The curse of the greedy printmaker

Gentle readers, please hear my confession.  I am a greedy printmaker…  Here is my story:

One of the biggest challenges for me in printmaking is getting the block and the paper to line up the same way each time.  Printmakers call it registration.  Even 1/16th of an inch off can make the print look blurry and the edges show the raw colors I have been using rather than the gentle color blends.

Registration has plagued many printmakers, even Picasso.  If you look at his Bust of a Woman (after Cranach, 1958) you can see his problems with registering a six-block linocut.  He nearly abandoned linocuts, but learned from printmaker Amera about the technique of reduction printmaking.  After that, his registration improved.  But it is interesting that his first attempt, even with the misregistration, is highly valued.  Not so for me.

I’m working on a large horizontal block (13 x 28in).  I have tried many techniques to ensure that my prints register.  With 8 to 10 layers for each print, this is essential.  There is nothing worse than printing a run and realizing that you are off, even slightly.  That’s where I get greedy.

My current registration jig.

This is my current registration jig.  For each new block I make a template with thick cardboard and cut a hole just the size of the block.  I use a silkscreen pin and tab system, where the metal pins are taped on the template, and the plastic tabs are taped on the back side of the paper.  I make sure to give myself lots of paper on the side with the tabs, so I can tear off the part that was taped.  To register, I put in the block, then click in the tabs and lower the paper.  With smaller prints, this system has been very effective.

Printing the seventh layer.

This is the large block I’m working on.  I have had to tape an “L” shaped ruler to one corner to make sure the cardboard stays stiff.  This is the seventh layer of ink, and today I discovered that there was a mysterious 1/16th of an inch of extra block printing on one side.  The other side of the block registered perfectly.

I was heartbroken, because misregistered prints become the test papers for the next print.  Each time I pull the print off, I hold my breath to see if one of my “babies” will continue, or be relegated to the scrap pile.  I have been trying solve the problem by aligning the block by hand, shaving off a minute part of the offending side, and wiping off the ink slightly.  Sometimes it works, and sometimes not.  It is a mystery that I would love to have solved.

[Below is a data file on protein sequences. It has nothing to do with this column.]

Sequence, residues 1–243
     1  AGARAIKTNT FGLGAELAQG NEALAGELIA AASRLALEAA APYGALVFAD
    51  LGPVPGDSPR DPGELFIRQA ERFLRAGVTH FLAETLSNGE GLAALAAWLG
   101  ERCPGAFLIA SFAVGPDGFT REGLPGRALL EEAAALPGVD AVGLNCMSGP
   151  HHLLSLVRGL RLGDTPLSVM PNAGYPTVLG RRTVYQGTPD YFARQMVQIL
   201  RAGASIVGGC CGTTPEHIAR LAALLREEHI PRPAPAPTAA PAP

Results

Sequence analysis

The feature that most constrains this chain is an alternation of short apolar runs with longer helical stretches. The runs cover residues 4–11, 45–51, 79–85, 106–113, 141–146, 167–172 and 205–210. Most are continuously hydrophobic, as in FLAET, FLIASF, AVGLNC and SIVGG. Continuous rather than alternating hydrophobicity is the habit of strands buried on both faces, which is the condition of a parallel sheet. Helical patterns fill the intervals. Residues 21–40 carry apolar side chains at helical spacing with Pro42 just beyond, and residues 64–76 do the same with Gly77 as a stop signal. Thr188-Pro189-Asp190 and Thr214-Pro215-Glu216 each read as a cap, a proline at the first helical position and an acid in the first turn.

Printmakers don’t mean to be greedy, but when all of your papers are hanging before the first color, there is so much potential…

So printmakers…any advice?


5 Replies to “The curse of the greedy printmaker”

  1. Hi Maurice,
    Thanks for the link to your blog explanation. I started using the pins and tabs because I had them left over from a class. My problem is that my blocks are always large. So glueing them down to the bookboard template might make the whole thing too unwieldly to carve. I think part of my problem is that I have to take the block off the press to ink, carve, etc. I'm thinking of making some sort of corner jig with something hard — like Sintra.
    The mystery I mentioned in my blog is that I seem to have made the block larger! Have you ever had lino compress and stretch? The problematic edge is the last part printed. A mystery!
    Thanks for sending me to your site. It gives me some new options to think about.

  2. Elizabeth,

    Is it possible your pins are slipping a bit? I'm not familiar with screen printing pins but the registraton system you use seems to be similar to mine (adapted from the one here: I find that as I move through my colours, the holes in my paper tend to stretch a little and the registration can slip. I totally agree with you, even a tiny fraction is a tragedy.
    I'm not sure if lino can shrink but if so, wouldn't you have the same problem regardless of the size?
    Anyway, I hope you solve the mystery soon…

    I love your work BTW.

  3. Hi Katka,
    I have plastic tabs that click over metal tabs, so I don't think it is the paper moving. I actually abandoned the pin and holes in the paper method because I had such problems with the paper stretching.
    I think now that perhaps the cardboard of my template was compressing, and the edge of the lino was being compressed and stretching as well. I've made a new reusable jig with plastic used for signs, cemented down the metal pins and am using the least amount of pressure I can. My blocks are so big that I think they magnify the pressure. Whew! I'll write again about how the new set-up worked with my two new prints.
    Thanks for visiting my work. I found your website and really enjoyed your work — I'm especially partial to your close-up forest pieces, as they remind me of your famous BC artist Emily Carr.
    Happy printing!

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